Johan Huizinga

Johan Huizinga

Johan Huizinga was a Dutch historian who lived from 1872 to 1945. His book, Homo Ludens: A Study of the Play Element in Culture, published in 1938, suggested the instinct for play as the central element in human culture and examined the role of play in law, war, science, poetry, philosophy, and art. He saw all human activities as playing where “…the great instinctive forces of civilized life have their origin: law and order, commerce and profit, craft and art, poetry, wisdom and science. All are rooted in the primaeval soil of play.”1

Huizinga had a strong interest in history and linguistics and earned his Ph.D. in 1897. He taught history in both secondary schools and in universities in the early 1900s. He was a professor of history at the University of Leiden in 1915 until it was closed during the German occupation of the Netherlands during World War II. He was also an editor of a magazine from 1916 to 1932 and published many famous works during this time. Two of these works were The Autumn of the Middle Ages (1919), which dealt with the life, behaviors, ideas, and art of the upper classes of Burgundy in the 14th and 15th centuries, and Erasmus and the Age of Reformation (1924), a biography of the famous Dutch Renaissance scholar. He also wrote about the national characteristics of early America and traveled to the United States in 1926. During the German occupation, Huizinga criticized the German influence on Dutch science and was arrested by the Nazis in 1941. He was released in 1942, but was not allowed to return to his home and died in detention in 1945, a few months before the end of the war.2

His book, Homo Ludens, which literally means “Man, the player,” is a wide-ranging work describing the many aspects of the influence of play on culture. He saw the evidence of play being older than culture, since animals can be seen engaging in play. After his lengthy attempt to describe the characteristics of play he concluded:

“Summing up the formal characteristics of play we might call it a free activity standing quite consciously outside ‘ordinary’ life as being ‘not serious,’ but at the same time absorbing the player intensely and utterly. It is an activity connected with no material interest, and no profit can be gained by it. It proceeds within its own proper boundaries of time and space according to fixed rules and in an orderly manner. It promotes the formation of social groupings which tend to surround themselves with secrecy and to stress their difference from the common world by disguise or other means.”3

With a basic understanding of play, Huizinga felt that play imposes rules to be followed and creates order. To cooperate in play, all involved must stay within the moral structure of the rules and adhere to them or the game is spoiled.4 With this premise established, he attempted to tie aspects of play to cultural activities, such as contests, rituals, seasonal festivals, and religious activities, where rules are followed and people are taken out of ordinary life for a limited time and place much like play allows.5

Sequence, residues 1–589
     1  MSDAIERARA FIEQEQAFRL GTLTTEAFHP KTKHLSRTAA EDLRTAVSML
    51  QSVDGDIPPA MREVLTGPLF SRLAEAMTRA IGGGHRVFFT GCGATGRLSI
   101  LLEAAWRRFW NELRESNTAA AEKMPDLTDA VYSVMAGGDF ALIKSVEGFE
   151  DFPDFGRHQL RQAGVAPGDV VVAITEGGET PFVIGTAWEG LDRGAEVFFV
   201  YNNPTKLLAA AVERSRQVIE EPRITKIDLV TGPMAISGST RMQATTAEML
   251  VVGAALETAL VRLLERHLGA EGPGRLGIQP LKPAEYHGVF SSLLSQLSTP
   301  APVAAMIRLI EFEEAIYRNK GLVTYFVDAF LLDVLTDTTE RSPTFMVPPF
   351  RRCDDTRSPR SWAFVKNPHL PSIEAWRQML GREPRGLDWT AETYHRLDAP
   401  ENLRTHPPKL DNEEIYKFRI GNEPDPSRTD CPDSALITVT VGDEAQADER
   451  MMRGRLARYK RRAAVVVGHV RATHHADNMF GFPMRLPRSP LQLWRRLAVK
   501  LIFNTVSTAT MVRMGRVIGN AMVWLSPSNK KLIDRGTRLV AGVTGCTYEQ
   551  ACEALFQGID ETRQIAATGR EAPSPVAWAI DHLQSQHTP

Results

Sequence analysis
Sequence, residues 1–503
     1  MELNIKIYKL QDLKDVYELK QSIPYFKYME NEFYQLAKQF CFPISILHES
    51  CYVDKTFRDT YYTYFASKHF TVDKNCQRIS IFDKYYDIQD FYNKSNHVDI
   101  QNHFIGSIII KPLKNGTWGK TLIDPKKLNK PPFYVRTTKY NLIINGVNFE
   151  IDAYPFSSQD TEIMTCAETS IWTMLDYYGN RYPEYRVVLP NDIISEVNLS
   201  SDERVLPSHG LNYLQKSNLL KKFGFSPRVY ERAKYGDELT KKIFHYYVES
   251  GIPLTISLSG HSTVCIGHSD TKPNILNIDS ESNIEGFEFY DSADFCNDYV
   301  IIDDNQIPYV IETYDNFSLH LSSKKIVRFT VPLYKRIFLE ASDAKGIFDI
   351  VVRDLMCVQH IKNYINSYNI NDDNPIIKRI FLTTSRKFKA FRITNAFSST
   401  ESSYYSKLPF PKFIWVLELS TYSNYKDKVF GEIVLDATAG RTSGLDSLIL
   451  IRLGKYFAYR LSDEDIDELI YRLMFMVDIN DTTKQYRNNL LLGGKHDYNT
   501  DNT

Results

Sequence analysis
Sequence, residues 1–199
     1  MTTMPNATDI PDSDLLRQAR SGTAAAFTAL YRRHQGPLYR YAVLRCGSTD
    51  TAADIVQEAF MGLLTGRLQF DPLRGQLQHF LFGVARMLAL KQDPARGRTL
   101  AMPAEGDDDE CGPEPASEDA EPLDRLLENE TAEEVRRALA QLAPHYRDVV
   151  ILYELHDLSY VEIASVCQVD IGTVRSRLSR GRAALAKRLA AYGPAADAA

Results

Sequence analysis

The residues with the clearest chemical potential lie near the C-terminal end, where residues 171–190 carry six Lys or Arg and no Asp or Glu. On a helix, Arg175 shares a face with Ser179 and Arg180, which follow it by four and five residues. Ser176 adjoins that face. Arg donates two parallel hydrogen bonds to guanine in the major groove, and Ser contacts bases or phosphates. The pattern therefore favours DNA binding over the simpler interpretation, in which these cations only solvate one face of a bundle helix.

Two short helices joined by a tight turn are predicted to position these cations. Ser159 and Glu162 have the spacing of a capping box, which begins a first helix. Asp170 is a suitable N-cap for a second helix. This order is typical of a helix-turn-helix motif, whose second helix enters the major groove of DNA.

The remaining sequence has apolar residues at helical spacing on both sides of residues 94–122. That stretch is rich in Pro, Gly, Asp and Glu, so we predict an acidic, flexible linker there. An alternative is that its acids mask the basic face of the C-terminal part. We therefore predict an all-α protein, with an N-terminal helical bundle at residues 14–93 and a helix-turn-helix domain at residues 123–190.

Huizinga suggested that civilization did not come from play, but play has been seen in many aspects of it. “Ritual grew up in sacred play; poetry was born in play and nourished in play; music and dancing were pure play….We have to conclude, therefore, that civilization is, in its earliest phases, played. It does not come from play…it arises in and as play, and never leaves it.”6 However, he asserts that civilization has played a role in diminishing play:

“As a civilization becomes more complex, more variegated and more overladen, and as the technique of production and social life itself become more finely organized, the old cultural soil is gradually smothered under a rank layer of ideas, systems of thought and knowledge, doctrines, rules and regulations, moralities and conventions which have lost all touch with play. Civilization, we then say, has grown more serious; it assigns only a secondary place to playing.”7

  • 1. Liukkonen, Petri. “Johan Huizinga (1872-1945).” Pegasos. < http://kirjasto.sci.fi/huizin.htm > 6 Oct. 2011.
  • 2. Ibid.
  • 3. Huizinga, Johan. Homo Ludens: A Study of the Play Element in Culture. Beacon Press, 1955.
  • 4. “Johan Huizinga: Homo Ludens.” Icosilune. < http://www.icosilune.com/2009/01/johan-huizinga-homo-ludens/ > 6 Oct. 2011.
  • 5. Op. cit., Huizinga.
  • 6. Play Quotes.” The Strong. < http://www.thestrong.org/about-play/play-quotes > 6 Oct. 2011.
  • 7. Jeffries, L. B. “Johan Huizinga’s ‘Homo Ludens’.” PopMatters. < http://www.popmatters.com/pm/post/127853-johan-huizingas-homo-ludens > 6 Oct. 2011.